The theme coming through for me in this is the need to adopt not just a standard that is nationally consistent but one that that includes continual development and life-long learning. As a training professional who regularly participates in courses and various training sessions hosted by other providers, I would also like to see significant improvements in the system that support a qualitative outcome for the Learners.

If you could see any changes made to the system and how your business interacts with Registered Training Organisations, what would they be? Let us know by leaving a comment on this page.

Wednesday, June 13, 2012

Trainer/Assessor Qualifications and Vocational Competence

I was recently asked by someone interested in moving into Vocational Education and Training (VET) what is required to work in the industry. With all of the changes that the VET sector seems to consistently go through, a lot of people ask "Is my Cert IV still current?" A very good questions. So what are the requirements for working as a Trainer/Assessor in Australia?

Currently, an Assessor has obligations that must be met within their role as outlined through the SNRs (and where appropriate, the AQTF) and supported by the NSSC (the successor of the NQC), such as maintaining currency in qualifications and vocational competence (competencies and vocational currencies are held and maintained by the trainer/assessor). The RTO’s establishing and verifying of an Assessor’s qualifications is a supportive aspect of compliance with SNR 4.4(a) and 15.4(a) (Standard 1.4(a) of the AQTF).

The NSSC determined that (1);

     1. Trainers as a minimum need to hold the TAE40110 Certificate IV in Training and Assessment qualification, or demonstrate equivalence of competencies.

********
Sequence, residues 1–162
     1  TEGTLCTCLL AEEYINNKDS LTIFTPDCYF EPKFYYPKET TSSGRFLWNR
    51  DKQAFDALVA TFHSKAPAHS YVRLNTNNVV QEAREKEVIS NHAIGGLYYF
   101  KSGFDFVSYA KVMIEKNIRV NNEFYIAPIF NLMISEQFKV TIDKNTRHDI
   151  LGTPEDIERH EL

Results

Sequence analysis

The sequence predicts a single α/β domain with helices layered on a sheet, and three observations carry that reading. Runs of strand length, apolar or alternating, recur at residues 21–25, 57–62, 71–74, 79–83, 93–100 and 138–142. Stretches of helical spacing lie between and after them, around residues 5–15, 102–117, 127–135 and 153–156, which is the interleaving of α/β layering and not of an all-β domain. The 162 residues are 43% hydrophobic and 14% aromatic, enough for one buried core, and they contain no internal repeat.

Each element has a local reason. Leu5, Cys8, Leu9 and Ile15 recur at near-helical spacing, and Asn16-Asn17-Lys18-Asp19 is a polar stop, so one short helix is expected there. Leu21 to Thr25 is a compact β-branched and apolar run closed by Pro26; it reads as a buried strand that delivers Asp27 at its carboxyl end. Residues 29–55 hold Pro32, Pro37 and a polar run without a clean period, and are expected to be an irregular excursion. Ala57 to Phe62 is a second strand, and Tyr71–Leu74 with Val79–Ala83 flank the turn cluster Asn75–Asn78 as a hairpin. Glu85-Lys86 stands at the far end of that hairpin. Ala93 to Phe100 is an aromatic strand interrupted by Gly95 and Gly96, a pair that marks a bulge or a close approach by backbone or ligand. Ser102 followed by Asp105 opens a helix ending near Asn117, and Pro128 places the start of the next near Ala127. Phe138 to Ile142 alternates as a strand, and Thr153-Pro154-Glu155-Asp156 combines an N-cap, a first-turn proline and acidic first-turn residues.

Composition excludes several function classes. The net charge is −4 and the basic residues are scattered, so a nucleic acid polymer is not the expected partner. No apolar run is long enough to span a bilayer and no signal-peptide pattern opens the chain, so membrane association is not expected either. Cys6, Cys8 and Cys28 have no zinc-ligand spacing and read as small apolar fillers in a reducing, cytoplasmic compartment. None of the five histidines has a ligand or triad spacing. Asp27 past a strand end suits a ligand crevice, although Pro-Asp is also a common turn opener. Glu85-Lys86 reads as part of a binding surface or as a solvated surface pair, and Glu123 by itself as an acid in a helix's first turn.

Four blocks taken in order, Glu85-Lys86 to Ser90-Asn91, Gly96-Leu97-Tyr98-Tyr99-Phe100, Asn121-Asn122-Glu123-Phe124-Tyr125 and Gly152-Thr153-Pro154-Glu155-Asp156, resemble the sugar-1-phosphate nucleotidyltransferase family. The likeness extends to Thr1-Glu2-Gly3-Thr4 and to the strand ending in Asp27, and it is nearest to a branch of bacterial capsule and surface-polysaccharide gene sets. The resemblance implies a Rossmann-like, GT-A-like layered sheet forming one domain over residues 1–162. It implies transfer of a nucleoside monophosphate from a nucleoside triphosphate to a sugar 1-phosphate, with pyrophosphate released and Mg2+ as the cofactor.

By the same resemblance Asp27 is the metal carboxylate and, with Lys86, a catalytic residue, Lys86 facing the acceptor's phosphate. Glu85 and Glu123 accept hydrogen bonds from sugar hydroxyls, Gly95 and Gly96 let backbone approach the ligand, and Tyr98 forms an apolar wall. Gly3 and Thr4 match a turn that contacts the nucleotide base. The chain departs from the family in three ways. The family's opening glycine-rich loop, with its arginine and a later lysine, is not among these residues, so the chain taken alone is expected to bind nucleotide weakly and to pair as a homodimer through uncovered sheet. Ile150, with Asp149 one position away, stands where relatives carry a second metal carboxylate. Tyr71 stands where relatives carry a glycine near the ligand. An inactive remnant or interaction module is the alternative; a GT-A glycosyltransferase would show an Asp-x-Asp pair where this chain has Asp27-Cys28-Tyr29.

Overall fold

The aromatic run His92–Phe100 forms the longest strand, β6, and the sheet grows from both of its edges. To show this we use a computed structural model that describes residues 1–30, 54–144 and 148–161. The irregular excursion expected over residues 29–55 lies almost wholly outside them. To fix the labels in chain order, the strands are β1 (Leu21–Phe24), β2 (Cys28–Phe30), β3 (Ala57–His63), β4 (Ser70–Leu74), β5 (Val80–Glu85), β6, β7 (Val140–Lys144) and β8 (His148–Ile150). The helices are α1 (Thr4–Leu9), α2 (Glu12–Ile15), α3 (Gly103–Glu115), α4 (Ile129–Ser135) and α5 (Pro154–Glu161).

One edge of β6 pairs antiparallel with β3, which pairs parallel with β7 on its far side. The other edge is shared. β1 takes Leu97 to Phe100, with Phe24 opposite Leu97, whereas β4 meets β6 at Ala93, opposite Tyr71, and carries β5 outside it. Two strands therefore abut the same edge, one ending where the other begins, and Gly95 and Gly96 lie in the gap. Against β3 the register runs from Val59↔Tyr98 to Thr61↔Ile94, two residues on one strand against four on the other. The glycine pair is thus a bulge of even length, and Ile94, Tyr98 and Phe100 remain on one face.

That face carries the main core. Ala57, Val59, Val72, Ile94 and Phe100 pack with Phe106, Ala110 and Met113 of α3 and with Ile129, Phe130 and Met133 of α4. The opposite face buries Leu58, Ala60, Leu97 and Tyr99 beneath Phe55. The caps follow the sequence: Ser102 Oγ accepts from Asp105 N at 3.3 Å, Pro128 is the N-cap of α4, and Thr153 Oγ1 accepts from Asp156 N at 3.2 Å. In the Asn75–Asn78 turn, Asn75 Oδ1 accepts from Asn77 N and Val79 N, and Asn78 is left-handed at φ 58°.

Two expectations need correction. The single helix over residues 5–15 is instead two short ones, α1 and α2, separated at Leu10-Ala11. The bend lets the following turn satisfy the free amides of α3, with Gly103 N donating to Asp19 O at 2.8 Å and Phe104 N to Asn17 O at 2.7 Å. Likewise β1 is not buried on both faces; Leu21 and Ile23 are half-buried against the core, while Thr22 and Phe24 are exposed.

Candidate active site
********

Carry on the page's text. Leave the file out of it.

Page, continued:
2. Persons delivering training who are working under the direct supervision of a Trainer who holds the TAE40110 Certificate IV in Training and Assessment must as a minimum hold the Enterprise Trainer Skill Set which is made up of the Units of Competence; BSBCMM401A Make a Presentation, and TAEDEL301A Provide Work Skill Instruction.

     3. The period in which individuals can operate as Trainers under supervision of TAE40110 qualified Trainers/Assessors without themselves holding the TAE40110, or under supervision of TAE40110 qualified Trainers/Assessors without themselves holding the Enterprise Trainer Skill Set or demonstrating equivelant competencies is limited to two years.

(1) This information is based on the NSSC determination dated 26th October 2011, to be published in mid-December 2011, with RTOs required to comply by the 1st of July 2012. Current as at June 2012.

Assessors are required to hold the TAE10 Assessor Skills Set or be able to demonstrate equivelant competencies. Most RTOs will opt for the full TAE40110 Certificate IV in Training and Assessment, or equivalent, in order for Assessors to effectively make determinations of competence under assessment conditions.

Trainers and Assessors must also have the appropriate vocational competencies to level they are training and/or assessing or above as required within SNRs 15.2 and 15.4 (Elements 1.2 and 1.4 of the AQTF).
Remaining compliant and delivering a quality services to Clients is able to be achieved through the RTO supporting;
  • Meaningful engagement with industry and relevant professional bodies
  • Professional development in teaching and learning methods
  • Developing understanding in the requirements of the VET system
  • Fostering a culture of critical evaluation and innovation

How can I assess someone if I don’t have the relevant vocational competency?